Broader view needed to tackle security threats

To make positive contribution to business, IT security professionals must weigh global issues to effectively gauge business risks and align security posture, advises consultant.

SINGAPORE--Businesses, more than ever, need to take a big-picture view of global issues in order to understand business risks and effectively boost their information security posture, according to a security consultant.

Adrian Davis, senior research consultant at the Information Security Forum (ISF), explained that, oftentimes, IT and information security is "all about patching, building ever-higher firewalls and installing more and more tools" but this is too reactive and narrow a view.

In an interview Tuesday with ZDNet Asia, Davis said: "To really make a positive contribution to the business, information security and information risk professionals need to be thinking above that technology layer.

"They need to understand the technology, but they need to be thinking...about the whole [spectrum] right across people, process and technology," said the consultant, who was in town as a speaker at the SecureAsia@Singapore 2010 conference.

The ISF publishes an annual report that predicts forward-looking scenarios which could pose information security risks to the business. The latest report, released in May, gathered information and feedback from over 400 individuals and organizations including members of the 300-strong ISF community, field experts, futurologists and economic bodies such as the World Economic Forum.

The report highlighted broad issues that defined information security threats, namely, infrastructure weakness, cultural change and globalization.

According to the ISF, there is not enough investment in infrastructure in some parts of the world, both at the national and organization level. This indicates that IT is poorly positioned to support evolving technologies and user consumption of such technologies.

"We think we all live in a broadband-enabled world--we don't," said Davis, who is contracted to the London-based ISF from PricewaterhouseCoopers in the United Kingdom. "In many places in the world, access is severely restricted. And if you do have access, the pipes are very small--4Mbps or 8Mbps access at home is very limited."

Evolving cultures also signal a shift in the way companies manage their business. One aspect is changing workforce attitudes, Davis noted, pointing increasing number of strikes in China and graduates in India expecting more sophisticated jobs.

In addition, globalization brings about its own set of challenges, he said. The world is "flat" from an IT perspective, but not from a legal, cultural and societal perspective, he noted. Davis added that there is often tension between the ease of globalization and the difficulties brought about by local perspectives.

The Indians, for example, are now outsourcing to China and are themselves now facing many of the problems the Western world faced when it outsourced to India around data privacy, contracts, law and intellectual property, he explained.

Integrity, mobile workforce a worry
Globally, three scenarios will impact organizations most over the next two years, according to Davis. Data integrity, he noted, is becoming a serious challenge with the growing amount of digital information and availability of the data in different locations.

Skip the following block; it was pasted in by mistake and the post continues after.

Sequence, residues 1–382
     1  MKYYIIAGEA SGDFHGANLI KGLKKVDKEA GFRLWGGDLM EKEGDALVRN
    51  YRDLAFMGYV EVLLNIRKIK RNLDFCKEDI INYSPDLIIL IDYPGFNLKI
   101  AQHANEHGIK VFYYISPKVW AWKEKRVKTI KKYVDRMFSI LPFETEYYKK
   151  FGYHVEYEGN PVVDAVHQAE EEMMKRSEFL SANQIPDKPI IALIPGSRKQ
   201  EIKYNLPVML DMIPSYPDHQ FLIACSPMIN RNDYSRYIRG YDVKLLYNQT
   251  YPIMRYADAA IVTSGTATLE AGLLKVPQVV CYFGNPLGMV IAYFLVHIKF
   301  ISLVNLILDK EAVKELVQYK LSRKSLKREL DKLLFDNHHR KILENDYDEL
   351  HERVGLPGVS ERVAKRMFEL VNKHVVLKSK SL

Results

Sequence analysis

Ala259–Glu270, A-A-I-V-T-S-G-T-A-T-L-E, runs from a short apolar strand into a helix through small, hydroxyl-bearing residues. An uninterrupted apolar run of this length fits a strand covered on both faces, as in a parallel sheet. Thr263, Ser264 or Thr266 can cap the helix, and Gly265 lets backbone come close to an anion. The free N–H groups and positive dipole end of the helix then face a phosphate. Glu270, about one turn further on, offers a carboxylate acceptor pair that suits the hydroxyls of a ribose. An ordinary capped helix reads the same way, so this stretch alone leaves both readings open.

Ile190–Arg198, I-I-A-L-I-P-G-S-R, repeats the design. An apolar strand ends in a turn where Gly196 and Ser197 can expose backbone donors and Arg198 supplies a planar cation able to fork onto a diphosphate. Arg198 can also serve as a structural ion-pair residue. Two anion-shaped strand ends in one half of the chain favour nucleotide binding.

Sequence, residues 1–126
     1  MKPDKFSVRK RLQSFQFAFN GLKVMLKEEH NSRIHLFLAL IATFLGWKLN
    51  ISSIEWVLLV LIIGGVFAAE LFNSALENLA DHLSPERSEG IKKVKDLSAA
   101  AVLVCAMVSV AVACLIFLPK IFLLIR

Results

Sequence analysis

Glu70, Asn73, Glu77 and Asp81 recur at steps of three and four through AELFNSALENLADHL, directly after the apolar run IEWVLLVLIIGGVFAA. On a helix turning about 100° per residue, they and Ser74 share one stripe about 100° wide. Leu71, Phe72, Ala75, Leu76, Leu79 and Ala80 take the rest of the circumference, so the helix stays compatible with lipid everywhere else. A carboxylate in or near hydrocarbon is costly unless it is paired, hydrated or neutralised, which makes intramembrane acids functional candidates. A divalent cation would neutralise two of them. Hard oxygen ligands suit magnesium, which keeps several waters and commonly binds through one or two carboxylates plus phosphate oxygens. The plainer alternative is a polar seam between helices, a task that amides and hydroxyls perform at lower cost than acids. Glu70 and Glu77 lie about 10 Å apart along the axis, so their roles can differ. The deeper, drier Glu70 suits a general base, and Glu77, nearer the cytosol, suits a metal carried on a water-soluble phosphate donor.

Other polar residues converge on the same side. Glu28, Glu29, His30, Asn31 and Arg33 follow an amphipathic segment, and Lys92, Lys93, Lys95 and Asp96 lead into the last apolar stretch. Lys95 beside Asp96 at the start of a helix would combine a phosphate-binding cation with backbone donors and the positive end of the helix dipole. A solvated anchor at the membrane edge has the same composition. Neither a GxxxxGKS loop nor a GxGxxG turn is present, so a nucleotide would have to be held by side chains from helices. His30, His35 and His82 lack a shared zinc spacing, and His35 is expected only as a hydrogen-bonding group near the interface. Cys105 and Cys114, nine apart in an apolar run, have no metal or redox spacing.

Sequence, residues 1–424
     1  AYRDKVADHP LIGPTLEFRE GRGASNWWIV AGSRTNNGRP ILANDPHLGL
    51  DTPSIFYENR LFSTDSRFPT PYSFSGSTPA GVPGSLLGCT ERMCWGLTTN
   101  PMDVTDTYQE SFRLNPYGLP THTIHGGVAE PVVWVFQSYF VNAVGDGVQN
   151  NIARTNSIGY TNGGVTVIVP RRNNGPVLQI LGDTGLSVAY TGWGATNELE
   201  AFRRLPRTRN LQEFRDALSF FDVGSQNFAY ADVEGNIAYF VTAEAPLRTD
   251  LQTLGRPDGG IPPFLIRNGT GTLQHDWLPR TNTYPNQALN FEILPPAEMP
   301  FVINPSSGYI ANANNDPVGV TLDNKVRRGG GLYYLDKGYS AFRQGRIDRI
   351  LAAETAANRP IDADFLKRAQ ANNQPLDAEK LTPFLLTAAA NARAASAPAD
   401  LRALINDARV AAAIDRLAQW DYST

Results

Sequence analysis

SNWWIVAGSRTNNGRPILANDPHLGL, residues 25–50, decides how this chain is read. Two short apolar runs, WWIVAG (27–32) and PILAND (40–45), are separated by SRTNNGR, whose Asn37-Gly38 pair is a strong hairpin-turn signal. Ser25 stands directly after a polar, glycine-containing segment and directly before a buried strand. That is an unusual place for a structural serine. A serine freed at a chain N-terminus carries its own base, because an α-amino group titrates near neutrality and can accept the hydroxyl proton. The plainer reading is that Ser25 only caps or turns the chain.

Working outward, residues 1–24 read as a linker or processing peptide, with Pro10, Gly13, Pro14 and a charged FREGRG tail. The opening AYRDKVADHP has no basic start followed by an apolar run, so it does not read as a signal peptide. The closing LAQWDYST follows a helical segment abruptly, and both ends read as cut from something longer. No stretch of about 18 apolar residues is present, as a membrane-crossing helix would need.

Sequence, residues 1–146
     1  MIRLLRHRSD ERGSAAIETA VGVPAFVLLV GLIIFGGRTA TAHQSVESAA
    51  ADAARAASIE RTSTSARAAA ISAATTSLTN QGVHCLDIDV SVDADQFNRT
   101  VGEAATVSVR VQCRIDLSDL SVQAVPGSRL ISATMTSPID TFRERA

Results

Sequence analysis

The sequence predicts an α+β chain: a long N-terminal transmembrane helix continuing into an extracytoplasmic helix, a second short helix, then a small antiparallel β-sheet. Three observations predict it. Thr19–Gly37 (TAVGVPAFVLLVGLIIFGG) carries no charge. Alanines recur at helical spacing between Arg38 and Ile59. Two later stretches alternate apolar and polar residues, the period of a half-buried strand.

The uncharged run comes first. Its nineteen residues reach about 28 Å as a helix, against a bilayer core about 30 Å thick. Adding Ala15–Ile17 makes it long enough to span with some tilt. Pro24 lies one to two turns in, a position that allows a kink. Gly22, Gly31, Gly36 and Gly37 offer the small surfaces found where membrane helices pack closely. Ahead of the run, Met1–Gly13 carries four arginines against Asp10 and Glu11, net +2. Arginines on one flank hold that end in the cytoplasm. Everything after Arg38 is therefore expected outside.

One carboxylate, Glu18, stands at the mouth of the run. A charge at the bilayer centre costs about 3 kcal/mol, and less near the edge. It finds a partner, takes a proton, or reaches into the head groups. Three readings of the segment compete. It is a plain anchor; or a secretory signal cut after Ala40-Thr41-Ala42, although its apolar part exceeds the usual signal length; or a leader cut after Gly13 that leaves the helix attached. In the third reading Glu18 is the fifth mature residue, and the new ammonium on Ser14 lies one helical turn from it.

"If you can attack the right data and change its integrity, you can really hold the company ransom," he said.

Another trend businesses should watch carefully is the green movement, he noted. According to the ISF report, efforts to reduce carbon footprint have led to significant growth in home and remote working, which security systems have not scaled to accommodate. This could result in unintended disclosure of corporate data and inability to meet compliance regulations, he warned.

The increasing reliance of the global workforce on mobile devices such as smartphones also carries security implications, added Davis. This issue will become more evident as some 500 million mobile users, particularly in Africa, are added in the next four to five years.

At the same time, the mobile phone will increasingly become an electronic wallet for payments, which makes it more lucrative for cybercriminals to attack, he said.

SMBs to gain from MNC-type cloud security
The ISF report also offers some takeaways for small and midsize enterprises (SMEs).

The possibility of contingency failure, for instance, due to poor resiliency is a scenario that could potentially impact SMEs more than larger organizations, said Davis. He noted that smaller companies typically lack good backup, business continuity and disaster recovery plans compared to their larger counterparts, which have multiple data centers and backup facilities.

Any outage could spell the end of a smaller business, he pointed out.

But at least one prediction has the opposite effect on SMEs. In its report, ISF called for enterprises to develop strategies for cloud computing that tie in security and compliance, as the business benefits of the technology have resulted in companies taking shortcuts and disregarding the need for security.

The move to cloud computing, however, could in fact improve the security posture of SMBs, said Davis.

"In the future, cloud providers will have to show they can provide the kind of security wanted by MNCs," he explained, adding that these vendors are now working to achieve these standards.

"Because they'll be trying to meet the exacting standards of multinationals, SMEs can only benefit...[they] will be able to buy into MNC-type security."

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